¶434.2.b leaves open the possibility that the UMC may be part of other national councils of churches, at the discretion of leaders of the UMC in those countries. The Council of Bishops has identified at least seven other countries where the UMC is part of national councils of churches, as well as the All-Africa Conference of Churches, Christian Conference of Asia, and several Europe-wide bodies, but this may not be a complete list. The difference between official recognition of US-based ecumenical relationships and the lack of awareness of ecumenical relationships in other countries should be noted as another example of the denomination’s US-centric nature.
There are numerous other ecumenical partnerships in which parts of the UMC participate. These include those focused on work on a particular topic (for example, Religions for Peace International), to programmatic bodies supported by multiple denominations (for example, Church World Service), to groups for ecumenical dialogue (for example, the Global Christian Forum), to regional bodies (for example, European Methodist Youth and Children). I will not attempt a comprehensive list here, though readers can find more information on the Council of Bishops’ website.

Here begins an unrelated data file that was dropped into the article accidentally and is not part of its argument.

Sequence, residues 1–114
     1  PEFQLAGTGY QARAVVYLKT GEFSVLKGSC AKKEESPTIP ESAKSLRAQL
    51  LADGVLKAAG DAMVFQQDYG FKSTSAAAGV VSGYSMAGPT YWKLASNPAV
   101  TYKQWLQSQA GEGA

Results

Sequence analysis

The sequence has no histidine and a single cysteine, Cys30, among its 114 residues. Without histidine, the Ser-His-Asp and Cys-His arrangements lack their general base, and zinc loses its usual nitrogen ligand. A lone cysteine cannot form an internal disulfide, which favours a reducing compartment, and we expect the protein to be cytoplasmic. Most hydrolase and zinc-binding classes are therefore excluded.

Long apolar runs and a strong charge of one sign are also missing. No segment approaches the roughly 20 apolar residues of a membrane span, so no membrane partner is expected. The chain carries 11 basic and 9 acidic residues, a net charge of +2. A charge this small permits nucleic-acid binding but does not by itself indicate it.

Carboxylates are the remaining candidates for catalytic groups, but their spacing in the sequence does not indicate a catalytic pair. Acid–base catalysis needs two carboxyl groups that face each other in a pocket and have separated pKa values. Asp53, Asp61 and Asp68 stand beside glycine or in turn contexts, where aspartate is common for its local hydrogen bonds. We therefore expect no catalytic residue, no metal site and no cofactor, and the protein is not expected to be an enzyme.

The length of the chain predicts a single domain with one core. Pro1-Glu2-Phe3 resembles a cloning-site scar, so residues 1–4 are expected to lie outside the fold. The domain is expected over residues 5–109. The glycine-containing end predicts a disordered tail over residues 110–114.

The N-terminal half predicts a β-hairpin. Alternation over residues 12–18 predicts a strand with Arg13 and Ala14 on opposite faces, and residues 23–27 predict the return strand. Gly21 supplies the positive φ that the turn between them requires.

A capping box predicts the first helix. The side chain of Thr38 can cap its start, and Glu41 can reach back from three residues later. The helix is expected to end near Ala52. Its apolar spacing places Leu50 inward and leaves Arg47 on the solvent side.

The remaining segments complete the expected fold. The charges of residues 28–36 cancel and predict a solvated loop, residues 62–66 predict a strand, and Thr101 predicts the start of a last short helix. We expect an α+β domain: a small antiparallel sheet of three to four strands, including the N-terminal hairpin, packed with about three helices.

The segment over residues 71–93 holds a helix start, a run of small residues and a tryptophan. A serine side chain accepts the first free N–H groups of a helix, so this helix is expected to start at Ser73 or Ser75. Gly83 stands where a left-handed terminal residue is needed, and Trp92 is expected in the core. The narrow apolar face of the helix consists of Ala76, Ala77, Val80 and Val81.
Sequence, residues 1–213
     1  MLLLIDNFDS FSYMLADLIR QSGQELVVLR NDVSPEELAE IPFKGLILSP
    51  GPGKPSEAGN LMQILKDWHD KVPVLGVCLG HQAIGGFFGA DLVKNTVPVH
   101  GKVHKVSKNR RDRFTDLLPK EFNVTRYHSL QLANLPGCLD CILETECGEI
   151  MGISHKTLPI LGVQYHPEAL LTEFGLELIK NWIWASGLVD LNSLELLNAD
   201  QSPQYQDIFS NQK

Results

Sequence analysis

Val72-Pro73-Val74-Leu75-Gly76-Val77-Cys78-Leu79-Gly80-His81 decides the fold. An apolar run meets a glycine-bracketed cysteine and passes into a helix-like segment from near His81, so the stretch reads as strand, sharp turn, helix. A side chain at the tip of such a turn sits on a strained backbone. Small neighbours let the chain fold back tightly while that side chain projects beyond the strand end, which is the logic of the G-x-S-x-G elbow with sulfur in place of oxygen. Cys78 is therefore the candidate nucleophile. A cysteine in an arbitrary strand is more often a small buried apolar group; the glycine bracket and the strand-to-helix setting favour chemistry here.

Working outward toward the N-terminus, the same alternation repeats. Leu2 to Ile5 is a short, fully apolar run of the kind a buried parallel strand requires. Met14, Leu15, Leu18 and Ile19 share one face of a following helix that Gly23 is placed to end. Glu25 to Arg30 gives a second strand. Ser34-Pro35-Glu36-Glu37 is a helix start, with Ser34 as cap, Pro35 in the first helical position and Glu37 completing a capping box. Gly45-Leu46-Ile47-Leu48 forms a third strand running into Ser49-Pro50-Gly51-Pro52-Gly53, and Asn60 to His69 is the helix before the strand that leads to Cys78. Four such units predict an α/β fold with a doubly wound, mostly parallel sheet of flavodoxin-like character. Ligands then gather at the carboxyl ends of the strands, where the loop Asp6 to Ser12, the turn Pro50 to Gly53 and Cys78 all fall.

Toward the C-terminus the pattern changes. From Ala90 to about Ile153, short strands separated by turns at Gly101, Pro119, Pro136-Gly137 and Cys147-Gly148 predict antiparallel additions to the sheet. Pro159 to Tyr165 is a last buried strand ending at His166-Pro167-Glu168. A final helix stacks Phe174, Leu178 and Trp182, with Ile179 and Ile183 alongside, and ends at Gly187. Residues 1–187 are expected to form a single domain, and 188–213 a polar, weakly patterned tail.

The thing to keep in mind about all of these multilateral ecumenical partnerships is that they do not necessarily imply close, direct collaboration between any two given member denominations. Often, the UMC will send one person or a handful of people to conferences or other meetings that may happen as infrequently as once every 5-10 years. This sort of arrangement does not yield close relationships.
Where these ecumenical partnerships tend to be more robust is those that involve ongoing cooperative work in which the UMC and other denominations meet frequently and each contribute resources. These sorts of partnerships work because they have active buy-in from boards, agencies, central conferences, annual conferences, or other units of the church designated to carry out programmatic activities. The downside of this sort of relationships is that other United Methodists outside of these units of the church tend to be uninvolved and often unaware of these partnerships. That problem may not be entirely solvable, but through greater exchange of information, awareness can be increased.